Abstracts should be sent to BOTH the conference address AND the convenor of your stream. The conference address is:


Please label your abstract with your last name (i.e. smith.rtf, or smith.doc), not the title.

The deadline for abstracts is July 1, 2008.

We will notify participants no later than November 1st, 2008.

More information on IASPM can be found here: http://www.iaspm.net

We look forward to seeing you.

The IASPM-International Executive

retro sabotage

retro sabotage: old school computer game jiggery-pokery.


zizek on children of men:


eff, nin

eff files amicus brief against riaa's 'attempted distribution' argument. the riaa is attempting to sue people simply for having shared files, regardless of whether or not anyone downloads them. this is called 'making available' or 'attempted distribution'.
trent reznor from nine inch nails thinks we should steal music, and has made the first part of his new four part album available on the pirate bay.
apparently nearly half of all teenagers bought no compact discs in 2007.




a phil cunliffe review at culture wars: putting the hippies on the payroll.
i also liked this article: the nasty history of supermarket-bashing.

diary of the dead competition

3 minute zombie shorts here. diary of the dead opens this friday.


cybersounds reviews

reviews of cybersounds at the resource center for cyberculture studies. this one is (if you're me) rather flattering. apparently it's rccs book of the month for march '08.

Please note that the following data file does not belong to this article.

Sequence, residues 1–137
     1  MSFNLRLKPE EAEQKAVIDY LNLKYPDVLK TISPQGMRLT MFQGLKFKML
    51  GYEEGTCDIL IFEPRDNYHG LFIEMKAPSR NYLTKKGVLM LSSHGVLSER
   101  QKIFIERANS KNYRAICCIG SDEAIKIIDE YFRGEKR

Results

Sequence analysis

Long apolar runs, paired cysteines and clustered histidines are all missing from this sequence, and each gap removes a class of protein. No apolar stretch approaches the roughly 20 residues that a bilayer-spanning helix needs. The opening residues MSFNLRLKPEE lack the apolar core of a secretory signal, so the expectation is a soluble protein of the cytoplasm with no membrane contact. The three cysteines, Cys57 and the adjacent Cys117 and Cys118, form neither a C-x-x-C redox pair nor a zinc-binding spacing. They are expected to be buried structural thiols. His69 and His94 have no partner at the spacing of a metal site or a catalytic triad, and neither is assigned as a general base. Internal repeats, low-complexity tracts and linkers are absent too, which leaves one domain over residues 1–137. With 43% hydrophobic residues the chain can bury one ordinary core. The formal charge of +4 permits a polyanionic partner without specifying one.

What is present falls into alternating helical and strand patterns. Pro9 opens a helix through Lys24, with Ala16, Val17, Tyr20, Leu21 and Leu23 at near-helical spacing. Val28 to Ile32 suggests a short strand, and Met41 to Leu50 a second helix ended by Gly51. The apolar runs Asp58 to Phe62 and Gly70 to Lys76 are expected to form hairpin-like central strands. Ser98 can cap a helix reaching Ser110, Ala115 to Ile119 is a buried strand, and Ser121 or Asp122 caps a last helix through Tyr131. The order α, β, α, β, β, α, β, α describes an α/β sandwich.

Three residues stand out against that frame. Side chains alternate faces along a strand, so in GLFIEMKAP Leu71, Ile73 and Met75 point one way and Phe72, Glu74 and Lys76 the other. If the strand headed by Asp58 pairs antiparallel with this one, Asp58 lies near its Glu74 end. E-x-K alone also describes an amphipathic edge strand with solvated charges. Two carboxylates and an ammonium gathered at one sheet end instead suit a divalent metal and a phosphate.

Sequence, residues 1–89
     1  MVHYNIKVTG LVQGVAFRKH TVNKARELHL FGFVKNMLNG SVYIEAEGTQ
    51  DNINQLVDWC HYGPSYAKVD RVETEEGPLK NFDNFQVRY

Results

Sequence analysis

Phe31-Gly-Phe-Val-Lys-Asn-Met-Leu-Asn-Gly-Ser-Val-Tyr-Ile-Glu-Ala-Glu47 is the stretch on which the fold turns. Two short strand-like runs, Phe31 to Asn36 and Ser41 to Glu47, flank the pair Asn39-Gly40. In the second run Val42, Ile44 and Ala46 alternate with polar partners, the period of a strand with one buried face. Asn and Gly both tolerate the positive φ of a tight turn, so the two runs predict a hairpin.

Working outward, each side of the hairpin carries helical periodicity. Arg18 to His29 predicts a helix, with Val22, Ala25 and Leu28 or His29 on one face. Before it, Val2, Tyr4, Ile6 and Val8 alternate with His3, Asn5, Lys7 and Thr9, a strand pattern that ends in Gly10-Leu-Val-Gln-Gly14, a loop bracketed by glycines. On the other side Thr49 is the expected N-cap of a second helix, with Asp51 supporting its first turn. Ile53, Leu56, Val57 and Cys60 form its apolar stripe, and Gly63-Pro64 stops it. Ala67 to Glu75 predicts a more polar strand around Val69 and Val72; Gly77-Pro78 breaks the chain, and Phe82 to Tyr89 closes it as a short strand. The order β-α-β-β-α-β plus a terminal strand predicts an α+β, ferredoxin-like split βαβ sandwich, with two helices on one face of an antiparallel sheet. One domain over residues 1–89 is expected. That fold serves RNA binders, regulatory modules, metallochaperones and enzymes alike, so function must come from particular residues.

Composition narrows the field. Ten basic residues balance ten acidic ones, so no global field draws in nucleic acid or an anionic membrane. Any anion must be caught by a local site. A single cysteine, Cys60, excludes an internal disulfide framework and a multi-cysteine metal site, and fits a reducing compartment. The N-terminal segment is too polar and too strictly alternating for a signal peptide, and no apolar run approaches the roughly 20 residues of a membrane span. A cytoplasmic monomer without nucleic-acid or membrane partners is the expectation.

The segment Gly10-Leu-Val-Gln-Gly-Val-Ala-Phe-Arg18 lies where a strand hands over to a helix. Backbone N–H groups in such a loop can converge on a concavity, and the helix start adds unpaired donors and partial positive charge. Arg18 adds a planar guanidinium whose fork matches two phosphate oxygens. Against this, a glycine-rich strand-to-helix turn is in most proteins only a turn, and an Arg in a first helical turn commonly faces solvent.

p2p stuff

The Recording Industry Association of America (RIAA) is facing the possibility of legal action from artists who claim to have received no money from the settlement of peer-to-peer cases.
The RIAA has negotiated settlements worth hundreds of millions of dollars from YouTube, Napster, Kazaa and others, but the artists whom the organisation has been so litigiously defending say that they have not seen a cent.
or check this:
Although legal music downloads are on the rise, they account for only 10 percent of the way music is acquired. And that figure is still dwarfed by the 19 percent of U.S. citizens acquiring music via peer-to-peer filesharing. Furthermore, 1 million customers simply dropped out of the CD buyer market, and 48 percent of all U.S. teens did not buy a single CD last year.
The oddest news to come out of NPD's report is the company's forecast for potential growth in legal downloads. NPD's entertainment industry analyst, Russ Crupnick, said in a prepared statement that a real growth area in digital sales will be in repackaging catalog titles. In other words, baby boomers, the music industry wants to sell you your fifth copy of Pink Floyd's "The Dark Side of the Moon.”